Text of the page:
And since markets have become much more segmented the world over, confining itself to a few brands would be counterproductive for everyone, including brands that Luxasia represents. For one, it would deprive brands of the ability to tap into the best practices and experiences the company’s people learn from handling various brands in several markets.
“We make sure that every brand has a dedicated business manager in each country to take care of its interests,” said Chong. “When it comes to selecting the brands, we listen to our customers first.”
Although Luxasia gets a lot of leeway to market brands as it sees fit, the company makes sure it understands a particular brand well.
“We may know a particular market well, but it’s never about how free we are in marketing brands and products,” he said. “We will never compromise the DNA of a brand. There are certain no-nos, and we know where the parameters are.”
Chong’s faith in the Philippine market predates the current economic boom the country is experiencing. When he started distributing prestige fragrances and cosmetics as an executive of Cosmetiques de France in 1986, he remembers that there were very few companies that wanted to do business here.
But Chong forged ahead, opening the second wave of Luxasia offices in Hong Kong, Taiwan, Thailand and the Philippines in 1990—after launching his own company three years earlier in Singapore and Malaysia.
His relationship with the Sys, Gokongweis, Ayalas, Tantocos and other leaders of Philippine retail go back a long way. Chong said he saw something in the Filipino character that assured him that bigger things are in store for the country and its people.
“I’ve been constantly traveling to the Philippines for more than 25 years now and I’ve seen the country go through all sorts of disasters and upheavals—from storms to earthquakes to Mt. Pinatubo’s eruption. It seems nothing can bring the Filipino spirit down. Filipinos are resilient and have an amazing get up-and-go attitude. That’s one thing I like about the Philippines. Filipinos are never discouraged despite the obstacles.”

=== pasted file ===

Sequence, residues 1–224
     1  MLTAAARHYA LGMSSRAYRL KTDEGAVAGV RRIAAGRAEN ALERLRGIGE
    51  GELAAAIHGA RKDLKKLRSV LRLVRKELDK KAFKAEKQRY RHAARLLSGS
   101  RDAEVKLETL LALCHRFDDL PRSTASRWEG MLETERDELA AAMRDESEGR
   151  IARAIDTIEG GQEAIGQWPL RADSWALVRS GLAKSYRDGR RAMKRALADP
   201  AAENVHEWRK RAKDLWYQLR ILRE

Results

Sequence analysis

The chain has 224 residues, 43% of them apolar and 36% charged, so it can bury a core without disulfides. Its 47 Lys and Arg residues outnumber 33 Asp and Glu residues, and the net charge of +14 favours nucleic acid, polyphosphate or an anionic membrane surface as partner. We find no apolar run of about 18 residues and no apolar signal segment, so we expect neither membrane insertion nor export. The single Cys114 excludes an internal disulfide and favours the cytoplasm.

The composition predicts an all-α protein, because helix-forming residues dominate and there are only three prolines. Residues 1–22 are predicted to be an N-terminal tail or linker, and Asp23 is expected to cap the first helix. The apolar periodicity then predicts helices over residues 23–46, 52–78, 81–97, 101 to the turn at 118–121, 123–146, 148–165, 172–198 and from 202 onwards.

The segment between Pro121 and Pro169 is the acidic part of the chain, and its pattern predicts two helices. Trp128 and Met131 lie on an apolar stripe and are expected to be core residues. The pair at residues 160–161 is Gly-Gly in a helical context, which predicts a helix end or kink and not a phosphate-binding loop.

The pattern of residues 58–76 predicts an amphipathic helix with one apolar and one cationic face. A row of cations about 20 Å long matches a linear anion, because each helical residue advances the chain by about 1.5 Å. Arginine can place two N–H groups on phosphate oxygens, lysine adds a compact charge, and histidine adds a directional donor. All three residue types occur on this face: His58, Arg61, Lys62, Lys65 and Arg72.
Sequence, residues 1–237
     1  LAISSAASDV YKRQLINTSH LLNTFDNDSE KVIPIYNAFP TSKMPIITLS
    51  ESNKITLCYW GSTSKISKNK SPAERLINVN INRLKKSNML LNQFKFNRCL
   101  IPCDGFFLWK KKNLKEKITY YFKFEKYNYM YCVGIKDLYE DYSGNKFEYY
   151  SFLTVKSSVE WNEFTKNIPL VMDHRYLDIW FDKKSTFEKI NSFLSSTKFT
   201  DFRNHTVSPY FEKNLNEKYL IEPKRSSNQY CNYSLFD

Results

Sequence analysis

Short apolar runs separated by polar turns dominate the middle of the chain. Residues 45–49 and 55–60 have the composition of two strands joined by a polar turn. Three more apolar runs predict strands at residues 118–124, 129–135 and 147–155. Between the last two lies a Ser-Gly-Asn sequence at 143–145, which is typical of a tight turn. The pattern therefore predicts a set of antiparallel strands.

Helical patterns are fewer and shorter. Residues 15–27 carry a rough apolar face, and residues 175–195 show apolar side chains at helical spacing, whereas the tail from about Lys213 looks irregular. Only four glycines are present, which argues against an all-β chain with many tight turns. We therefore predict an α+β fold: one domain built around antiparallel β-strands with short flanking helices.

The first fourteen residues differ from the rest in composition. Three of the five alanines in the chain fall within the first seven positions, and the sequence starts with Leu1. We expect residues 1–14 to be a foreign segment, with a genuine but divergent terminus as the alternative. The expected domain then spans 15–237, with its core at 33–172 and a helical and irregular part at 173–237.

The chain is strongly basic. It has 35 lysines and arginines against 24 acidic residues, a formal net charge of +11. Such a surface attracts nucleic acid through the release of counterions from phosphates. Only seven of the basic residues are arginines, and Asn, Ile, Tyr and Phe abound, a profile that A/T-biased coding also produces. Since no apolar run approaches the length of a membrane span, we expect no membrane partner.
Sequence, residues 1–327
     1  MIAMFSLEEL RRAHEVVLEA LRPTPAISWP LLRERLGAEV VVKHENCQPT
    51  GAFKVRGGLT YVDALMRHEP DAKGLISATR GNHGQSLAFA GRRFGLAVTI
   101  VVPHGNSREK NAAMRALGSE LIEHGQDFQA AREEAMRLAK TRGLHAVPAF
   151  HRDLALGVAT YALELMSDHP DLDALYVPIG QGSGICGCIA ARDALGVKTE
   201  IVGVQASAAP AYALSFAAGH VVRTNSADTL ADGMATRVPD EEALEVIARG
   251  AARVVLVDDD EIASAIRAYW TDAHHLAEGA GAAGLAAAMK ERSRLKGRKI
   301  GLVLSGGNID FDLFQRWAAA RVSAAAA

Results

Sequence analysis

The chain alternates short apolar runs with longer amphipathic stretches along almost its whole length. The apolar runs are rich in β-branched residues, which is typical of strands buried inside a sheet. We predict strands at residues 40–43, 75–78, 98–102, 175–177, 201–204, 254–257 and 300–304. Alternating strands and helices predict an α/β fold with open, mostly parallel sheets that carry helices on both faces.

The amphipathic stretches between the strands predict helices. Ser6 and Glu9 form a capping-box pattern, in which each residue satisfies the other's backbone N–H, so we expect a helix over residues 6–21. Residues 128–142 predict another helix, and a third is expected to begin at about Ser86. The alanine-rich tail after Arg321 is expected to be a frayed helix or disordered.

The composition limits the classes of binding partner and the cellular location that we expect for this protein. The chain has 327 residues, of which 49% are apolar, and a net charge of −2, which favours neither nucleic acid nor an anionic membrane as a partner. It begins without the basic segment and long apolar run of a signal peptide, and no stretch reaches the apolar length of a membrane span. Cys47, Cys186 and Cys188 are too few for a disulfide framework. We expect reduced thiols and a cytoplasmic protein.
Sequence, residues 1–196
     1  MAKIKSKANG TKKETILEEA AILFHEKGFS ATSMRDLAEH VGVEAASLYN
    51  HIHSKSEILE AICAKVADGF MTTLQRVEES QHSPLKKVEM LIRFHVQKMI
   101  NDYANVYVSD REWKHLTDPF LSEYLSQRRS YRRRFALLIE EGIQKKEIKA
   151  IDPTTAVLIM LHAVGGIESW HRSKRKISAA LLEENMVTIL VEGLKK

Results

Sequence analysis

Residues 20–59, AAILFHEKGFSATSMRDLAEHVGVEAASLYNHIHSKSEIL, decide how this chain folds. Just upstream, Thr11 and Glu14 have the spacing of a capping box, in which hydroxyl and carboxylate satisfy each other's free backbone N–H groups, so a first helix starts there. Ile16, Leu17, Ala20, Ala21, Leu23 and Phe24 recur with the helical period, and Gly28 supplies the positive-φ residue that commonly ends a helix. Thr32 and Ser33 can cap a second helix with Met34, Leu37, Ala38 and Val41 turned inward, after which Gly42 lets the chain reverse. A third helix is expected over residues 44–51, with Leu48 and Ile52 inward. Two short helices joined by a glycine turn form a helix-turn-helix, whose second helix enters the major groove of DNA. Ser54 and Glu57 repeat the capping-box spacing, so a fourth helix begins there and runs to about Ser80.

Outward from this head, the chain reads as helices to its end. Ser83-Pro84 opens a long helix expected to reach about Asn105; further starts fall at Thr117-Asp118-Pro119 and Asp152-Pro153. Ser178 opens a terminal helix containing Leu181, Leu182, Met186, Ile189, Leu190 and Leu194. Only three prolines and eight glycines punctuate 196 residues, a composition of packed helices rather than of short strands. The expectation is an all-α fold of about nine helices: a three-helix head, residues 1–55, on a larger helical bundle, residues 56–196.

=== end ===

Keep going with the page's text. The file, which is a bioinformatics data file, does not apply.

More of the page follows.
As far as markets go, the Philippines may be inching closer to becoming a developed market like Singapore, where skincare and makeup are on equal footing with fragrances. Luxasia currently markets a more diverse and high-end range of brands in Singapore and Hong Kong.
“Markets aren’t that different,” said Chong. “What sets them apart are peculiarities. Singapore, for instance, is a balanced market between skincare, makeup and fragrances. The Chinese put more premium on skincare, while the Thais are more into makeup.”
The Philippines, much like Indonesia, is more into scents not only because of the culture and warm climate. Since fragrances provide consumers with a “first taste of luxury,” they also offer them instant gratification.
“If you can’t buy jewelry from Bulgari or a bag from Hermés, buying their fragrances is an excellent start,” said Chong. “The quickest and easiest thing to do is to apply fragrance.”
The Filipino shopper’s psyche also comes into play. Since a good number of Filipinos still have limited disposable income, they would rather invest on products that offer quick payoffs such as fragrances.
“Skincare will come a bit later as people’s lives and incomes improve,” said Buensuceso. “When that happens, it’s not about day-to-day living anymore, but more about long-term concerns such as skincare.”